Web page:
Moreover, an insurer that is certain about its position on coverage may be interested in litigating the case to establish a precedent that will influence future cases relating to the same claim. Then again, if the company is less sure about its prospects regarding a coverage question, it may want to avoid a negative outcome that would produce a precedent for other similar claims and so might be more strongly inclined to settle during or before the mediation begins.  A mediator who recognizes and is responsive to this process will be better able to contribute to the mediation to improve the chances of a successful outcome.

Successful Resolutions Depend on Thorough Knowledge of Policy Verbiage

When mediation does become necessary, the mediator’s success in producing a satisfactory resolution to a coverage dispute mainly rests on his or her credibility as a skilled interpreter of policy verbiage. For insurance companies, coverage disputes have clear-cut answers; they are not the types of disputes that lend themselves to negotiation among the parties involved to seek a compromised meaning.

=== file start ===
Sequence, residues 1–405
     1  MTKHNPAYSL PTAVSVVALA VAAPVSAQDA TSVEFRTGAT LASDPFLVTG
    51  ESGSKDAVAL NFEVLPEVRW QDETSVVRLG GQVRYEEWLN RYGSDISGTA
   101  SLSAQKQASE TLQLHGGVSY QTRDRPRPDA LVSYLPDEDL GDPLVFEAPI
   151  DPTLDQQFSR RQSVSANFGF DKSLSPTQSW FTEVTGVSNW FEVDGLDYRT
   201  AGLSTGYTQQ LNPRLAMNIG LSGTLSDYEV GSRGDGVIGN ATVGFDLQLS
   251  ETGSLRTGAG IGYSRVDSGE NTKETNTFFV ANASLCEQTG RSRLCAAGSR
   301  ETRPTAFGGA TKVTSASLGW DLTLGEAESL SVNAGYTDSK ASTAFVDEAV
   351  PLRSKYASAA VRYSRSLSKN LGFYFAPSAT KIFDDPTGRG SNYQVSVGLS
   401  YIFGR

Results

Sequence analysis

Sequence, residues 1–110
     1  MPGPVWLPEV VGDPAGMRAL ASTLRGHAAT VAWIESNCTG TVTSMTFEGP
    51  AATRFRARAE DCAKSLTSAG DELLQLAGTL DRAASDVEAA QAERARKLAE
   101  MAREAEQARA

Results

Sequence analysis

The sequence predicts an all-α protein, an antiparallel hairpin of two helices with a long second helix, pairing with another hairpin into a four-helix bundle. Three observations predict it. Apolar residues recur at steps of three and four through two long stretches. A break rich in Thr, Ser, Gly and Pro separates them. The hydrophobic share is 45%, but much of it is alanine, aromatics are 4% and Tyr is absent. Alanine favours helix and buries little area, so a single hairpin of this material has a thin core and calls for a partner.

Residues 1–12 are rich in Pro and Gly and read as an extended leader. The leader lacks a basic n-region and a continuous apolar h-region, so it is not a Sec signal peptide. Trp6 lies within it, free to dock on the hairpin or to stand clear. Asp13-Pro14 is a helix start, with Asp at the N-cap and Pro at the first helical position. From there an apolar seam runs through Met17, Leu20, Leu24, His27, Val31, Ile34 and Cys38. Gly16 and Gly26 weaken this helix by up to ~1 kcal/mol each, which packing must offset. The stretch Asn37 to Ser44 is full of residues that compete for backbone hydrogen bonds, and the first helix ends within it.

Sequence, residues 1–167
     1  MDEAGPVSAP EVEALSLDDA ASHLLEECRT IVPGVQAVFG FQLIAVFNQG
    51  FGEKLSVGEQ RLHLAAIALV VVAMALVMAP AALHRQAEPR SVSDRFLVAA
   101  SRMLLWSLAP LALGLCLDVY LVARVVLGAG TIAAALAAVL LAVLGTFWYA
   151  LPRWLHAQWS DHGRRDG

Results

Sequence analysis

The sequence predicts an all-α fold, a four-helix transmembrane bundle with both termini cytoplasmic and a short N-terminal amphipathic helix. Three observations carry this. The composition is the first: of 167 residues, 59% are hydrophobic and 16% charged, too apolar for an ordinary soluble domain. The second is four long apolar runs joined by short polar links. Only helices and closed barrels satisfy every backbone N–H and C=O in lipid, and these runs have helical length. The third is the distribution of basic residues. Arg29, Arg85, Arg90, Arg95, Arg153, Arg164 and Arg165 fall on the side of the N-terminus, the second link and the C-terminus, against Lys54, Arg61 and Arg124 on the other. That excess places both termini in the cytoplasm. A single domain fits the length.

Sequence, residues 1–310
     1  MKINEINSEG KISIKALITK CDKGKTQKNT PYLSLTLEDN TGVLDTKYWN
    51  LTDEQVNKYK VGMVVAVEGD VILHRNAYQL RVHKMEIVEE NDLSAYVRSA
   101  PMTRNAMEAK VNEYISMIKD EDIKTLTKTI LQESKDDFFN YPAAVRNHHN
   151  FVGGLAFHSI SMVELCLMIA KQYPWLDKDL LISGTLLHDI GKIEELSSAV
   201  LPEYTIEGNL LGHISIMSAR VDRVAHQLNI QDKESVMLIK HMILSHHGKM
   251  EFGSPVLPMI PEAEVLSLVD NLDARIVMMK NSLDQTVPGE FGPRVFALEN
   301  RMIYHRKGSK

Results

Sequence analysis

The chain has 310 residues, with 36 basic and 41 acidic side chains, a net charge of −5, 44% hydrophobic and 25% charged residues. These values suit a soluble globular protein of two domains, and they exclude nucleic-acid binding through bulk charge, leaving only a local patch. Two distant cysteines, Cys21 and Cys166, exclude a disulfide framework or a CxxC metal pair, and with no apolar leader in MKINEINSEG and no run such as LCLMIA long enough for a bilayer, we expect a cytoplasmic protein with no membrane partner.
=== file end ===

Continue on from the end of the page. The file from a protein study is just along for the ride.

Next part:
The Main Reasons for Uncertainty in Insurance Policy Language

However, despite insurers’ confidence in the clarity of their verbiage, it is always imperative to carefully review insurance policies and other coverage documents. Part of this effort involves detecting and clarifying any uncertainties in the meaning of a contract’s language. There are many reasons that courts may find the meaning of contract language to be inexact, with the leading causes falling into four general categories: ambiguity, vagueness, absurdity, and obscurity. Language is ambiguous when it is subject to multiple interpretations; that is, it says two or more things. By contrast, vague language is imprecise, and absurd verbiage involves incongruity of a given provision concerning the other provisions in an insurance policy. Finally, obscure verbiage is misleading because it omits mention of specific relevant facts or is in conflict with what a policyholder would reasonably assume based on a policy’s purpose.